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The longer days at the end of January bring a bonus to our winter meals because that’s when our chickens start to lay again. We don’t light the coop, believing it’s better for the chickens to take a rest. We have to buy a few eggs in the winter, which aren’t at all the same color, freshness, or flavor as our own. So when we get the first egg of the year, we celebrate. Here’s the first three we’ve gathered in 2015.

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I’m especially excited about the lightest egg because it was laid by the Speckled Sussex we raised last season. She’s a gorgeous bird, my favorite all-around variety of chicken. We also raised Americanas for blue eggs, but we haven’t seen any of those yet, except for the eggs our neighbor shared with us last week when her chickens started laying a bit earlier than ours.

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With all this wealth of food, what are we having for dinner? Eggs baked in tomato sauce and spinach, with onion, of course. Saute an onion until golden and then a little spinach until wilted. Add to some chopped tomatoes or tomato sauce, season with ground cumin, sweet or spicy paprika (we dry and grind our own), and salt and pepper. Divide in four oiled ramekins, crack an egg in each, and sprinkle with cheese. Bake 15-20 minutes at 400, until the yolk is set to your desired firmness. Easy, healthy, and good—my ideal of a meal.

Some folks might see our winter meals as boring; we think of them as an opportunity to use up what we have and ready ourselves for the next season. As I write in A Bushel’s Worth, “The winter wipes clean the slate of last year’s misgivings, knowing spring will offer us a new chance to re-write our dreams.” 2015 will be our 24th season as a CSA. Enthusiastic inquiries are coming in; returning members are happily re-subscribing. John’s built another cold frame; I’ve been sprucing up the Sunflower room and updating our outreach information. We don’t know yet what the season will bring, but we are sure whatever bounty or loss may come, we’ll be sharing it with a wonderful community once again.

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Spring Spinach With the Birds

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This afternoon I’m hosting our local women’s group for an appetizer potluck and reading of A Bushel’s Worth. I’m roasting mushrooms with Greek salad stuffing, which means walking out to the garden to pick baby spinach. Our farm season opens in three weeks and the spinach will be much bigger by then. For now, I’m content with smaller leaves, but it does take longer than one would expect to fill a whole bag.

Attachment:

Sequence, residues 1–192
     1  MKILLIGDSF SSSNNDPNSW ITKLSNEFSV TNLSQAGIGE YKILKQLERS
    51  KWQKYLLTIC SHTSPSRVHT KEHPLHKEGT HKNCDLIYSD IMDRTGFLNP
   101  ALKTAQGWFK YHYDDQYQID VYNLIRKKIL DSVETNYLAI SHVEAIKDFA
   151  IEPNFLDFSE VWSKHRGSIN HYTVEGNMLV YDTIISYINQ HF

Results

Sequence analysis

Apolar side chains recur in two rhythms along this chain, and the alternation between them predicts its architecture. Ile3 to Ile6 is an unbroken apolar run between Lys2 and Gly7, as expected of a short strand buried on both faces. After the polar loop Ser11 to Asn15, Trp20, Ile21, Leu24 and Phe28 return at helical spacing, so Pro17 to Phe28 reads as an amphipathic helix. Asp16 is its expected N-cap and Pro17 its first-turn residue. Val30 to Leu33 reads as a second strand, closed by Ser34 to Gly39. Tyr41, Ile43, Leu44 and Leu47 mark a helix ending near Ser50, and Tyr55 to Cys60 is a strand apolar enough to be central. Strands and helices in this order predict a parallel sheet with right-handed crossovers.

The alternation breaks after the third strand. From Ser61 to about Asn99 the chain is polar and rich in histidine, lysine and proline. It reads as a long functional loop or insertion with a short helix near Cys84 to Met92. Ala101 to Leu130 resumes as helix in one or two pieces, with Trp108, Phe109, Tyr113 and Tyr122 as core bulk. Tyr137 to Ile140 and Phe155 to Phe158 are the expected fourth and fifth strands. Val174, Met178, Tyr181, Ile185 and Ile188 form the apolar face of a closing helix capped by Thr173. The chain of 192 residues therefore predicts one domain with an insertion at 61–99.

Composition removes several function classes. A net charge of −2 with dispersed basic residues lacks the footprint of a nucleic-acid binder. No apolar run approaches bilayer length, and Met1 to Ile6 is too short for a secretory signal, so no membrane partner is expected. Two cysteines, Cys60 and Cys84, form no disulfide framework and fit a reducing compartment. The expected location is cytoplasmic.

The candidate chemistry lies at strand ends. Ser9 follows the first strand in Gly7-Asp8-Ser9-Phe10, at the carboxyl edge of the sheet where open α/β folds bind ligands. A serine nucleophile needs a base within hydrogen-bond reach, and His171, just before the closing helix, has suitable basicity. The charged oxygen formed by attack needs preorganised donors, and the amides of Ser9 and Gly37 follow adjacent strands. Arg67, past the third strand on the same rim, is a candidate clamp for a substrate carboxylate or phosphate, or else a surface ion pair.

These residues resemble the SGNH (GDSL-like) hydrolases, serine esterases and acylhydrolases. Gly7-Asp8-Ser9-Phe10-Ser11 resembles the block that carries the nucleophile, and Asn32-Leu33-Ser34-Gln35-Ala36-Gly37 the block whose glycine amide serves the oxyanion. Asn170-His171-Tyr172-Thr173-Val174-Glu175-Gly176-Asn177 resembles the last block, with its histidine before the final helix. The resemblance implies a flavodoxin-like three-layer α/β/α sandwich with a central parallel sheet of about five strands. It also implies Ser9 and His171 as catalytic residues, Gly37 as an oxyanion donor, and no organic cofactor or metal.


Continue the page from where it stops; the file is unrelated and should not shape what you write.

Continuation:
Seems like the bag stays only half-full for quite some time, but I don’t mind. I’m listening to two Western meadowlarks trilling back and forth from the giant cottonwoods along the irrigation ditch. You can listen to one of a Western Meadowlark’s songs here.

I’m originally from North Dakota, whose state bird is the Eastern Meadowlark. My grandmother often noted in her diary when she heard the first meadowlark’s call:

“Wed, April 6, 1983: We walked to the creek and found mayflowers and heard a meadowlark sing.

It took me many years to get used to the Western Meadowlark’s song with its notes ascending and descending in a different order than that of North Dakota’s state bird. But both birds share the complex musicality of their song, more lyrical than many a bird’s call.

As I listen to the meadowlarks’ duet in stereo near the spinach bed, I also hear a pair of Red Tailed Hawks shrieking high above me. I can see them, too, as they circle our west field on the other side of the ditch. But I can’t see the meadowlarks, even when I walk near the trees from which they’re clearly singing. I’m surprised not to find them with their bright yellow breasts. Today, they’re camouflaged by the new green leaves of willows and cottonwoods breaking from winter rest.

On the way back to the house with my bag of spinach, I spot a Downy Woodpecker near the knot in our old crabapple tree. No mistaking this bird’s red head and black and white body. I wish I had my camera as the bird senses my approach and flits off to a higher elm.

Spring has been slow to arrive this year. We transplanted 10,000 onion and leek starts last Saturday, a week later than the previous two years. The next day, a wet spring snow watered in the grass-like shoots. We love our alliums at this farm, depending on them all season and even through the long winter. In three weeks, we’ll harvest walking Egyptian onions for our members, followed by green garlic, garlic scapes, early garlic, and green onions, until the full-sized garlic, onions, leeks, and shallots are ready mid-summer.

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Today, I’ll use the last of the stored shallots in the mushrooms I’m stuffing. You can find the recipe here on our website. I’m looking forward to sharing A Bushel’s Worth with women in our community tonight. I joked that I’m going to read the romantic parts, but, in fact, I’ve decided I will. John and I met in the spring; on our first farm date, we made our first salad together from newborn herbs and greens. Seems fitting to share that memory on this sparkling spring day.

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If you can’t join us tonight, you can view a farm reading of A Bushel’s Worth here, along with great music from Joe Kuckla and Alex Johnstone. Happy spring!